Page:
show a clean pair of heels

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English[edit]

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Verb[edit]

show a clean pair of heels (third-person singular simple present shows a clean pair of heels, present participle showing a clean pair of heels, simple past and past participle showed a clean pair of heels)

  1. (idiomatic) to run away quickly; to make an escape quickly; to outpace
    • 1859, Charles Dickens, Richard Maxwell editor, A Tale of Two Cities[1], Book the Second, Penguin Classics, ISBN 9780141439600, published 2003, Chapter XXIV, page 249:
      ‘[...]No, gentlemen; he'll always show ’em a clean pair of heels very early in the scuffle, and sneak away.’
    • 1977, Brian Schofield, Gerald Jordan editor, Naval Warfare In The Twentieth Century 1900—1945[2], Taylor & Francis, ISBN 9780844810140, ‘Jacky’ Fisher, HMS Indomitable and the Dogger Bank Action: A Personal Memoir, page 66:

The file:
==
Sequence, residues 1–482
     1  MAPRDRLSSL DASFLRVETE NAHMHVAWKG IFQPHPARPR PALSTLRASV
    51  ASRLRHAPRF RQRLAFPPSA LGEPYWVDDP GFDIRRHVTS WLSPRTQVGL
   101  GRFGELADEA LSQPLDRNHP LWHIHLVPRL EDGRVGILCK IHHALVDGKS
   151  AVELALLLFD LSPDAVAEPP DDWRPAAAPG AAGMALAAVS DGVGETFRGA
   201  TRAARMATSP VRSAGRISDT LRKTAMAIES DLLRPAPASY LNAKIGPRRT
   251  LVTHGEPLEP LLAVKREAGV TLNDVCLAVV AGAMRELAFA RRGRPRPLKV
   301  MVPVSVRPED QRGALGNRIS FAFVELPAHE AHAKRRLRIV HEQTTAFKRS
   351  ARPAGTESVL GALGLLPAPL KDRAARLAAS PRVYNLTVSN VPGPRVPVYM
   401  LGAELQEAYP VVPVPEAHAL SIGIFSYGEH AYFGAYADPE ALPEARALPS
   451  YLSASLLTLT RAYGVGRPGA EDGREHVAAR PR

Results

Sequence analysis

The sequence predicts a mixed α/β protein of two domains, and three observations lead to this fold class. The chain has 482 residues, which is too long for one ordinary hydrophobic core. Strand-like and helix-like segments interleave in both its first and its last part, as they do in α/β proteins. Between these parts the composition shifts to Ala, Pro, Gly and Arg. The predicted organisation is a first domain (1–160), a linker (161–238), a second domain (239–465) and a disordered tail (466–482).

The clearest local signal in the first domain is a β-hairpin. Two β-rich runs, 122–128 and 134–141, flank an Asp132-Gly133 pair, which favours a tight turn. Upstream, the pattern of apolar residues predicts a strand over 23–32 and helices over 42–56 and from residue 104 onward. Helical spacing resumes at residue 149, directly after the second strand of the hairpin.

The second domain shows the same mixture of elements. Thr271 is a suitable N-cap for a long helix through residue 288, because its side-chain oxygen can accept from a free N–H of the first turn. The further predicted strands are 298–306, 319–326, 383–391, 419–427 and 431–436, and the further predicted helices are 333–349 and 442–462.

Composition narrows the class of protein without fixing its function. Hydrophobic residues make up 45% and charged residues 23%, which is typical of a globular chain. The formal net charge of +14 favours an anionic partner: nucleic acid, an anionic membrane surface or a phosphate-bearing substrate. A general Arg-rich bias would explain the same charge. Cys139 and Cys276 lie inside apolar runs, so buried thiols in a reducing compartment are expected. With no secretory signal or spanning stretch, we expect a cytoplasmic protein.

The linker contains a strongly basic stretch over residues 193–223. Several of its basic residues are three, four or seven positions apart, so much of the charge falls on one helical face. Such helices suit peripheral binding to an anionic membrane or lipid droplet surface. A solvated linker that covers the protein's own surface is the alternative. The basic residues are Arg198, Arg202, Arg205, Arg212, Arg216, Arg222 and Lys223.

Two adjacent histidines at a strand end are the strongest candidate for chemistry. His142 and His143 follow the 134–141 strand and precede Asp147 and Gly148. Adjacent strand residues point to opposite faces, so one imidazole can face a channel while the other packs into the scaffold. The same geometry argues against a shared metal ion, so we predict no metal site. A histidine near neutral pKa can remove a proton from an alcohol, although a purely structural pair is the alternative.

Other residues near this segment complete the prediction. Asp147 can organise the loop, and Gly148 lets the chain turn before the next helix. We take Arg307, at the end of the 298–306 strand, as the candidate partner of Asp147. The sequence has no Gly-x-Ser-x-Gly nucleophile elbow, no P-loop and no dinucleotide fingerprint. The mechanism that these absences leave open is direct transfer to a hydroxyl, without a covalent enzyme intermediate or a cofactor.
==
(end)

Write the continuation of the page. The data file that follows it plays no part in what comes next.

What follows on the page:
The two German ships soon showed us and the battle-cruiser Indefatigable in company, a clean pair of heels, though the cruiser HMS Dublin managed to keep them in sight untilt hey disappeared into the Straits of Messina to coal.
    • 2005 April 2005, Bernard Brown, “The Sherlock Holmes of ‘G’ Division”, Ripper Notes, number 22, Inklings Press, page 33: 
      During the melee the suspect had run off, showing a clear pair of heels.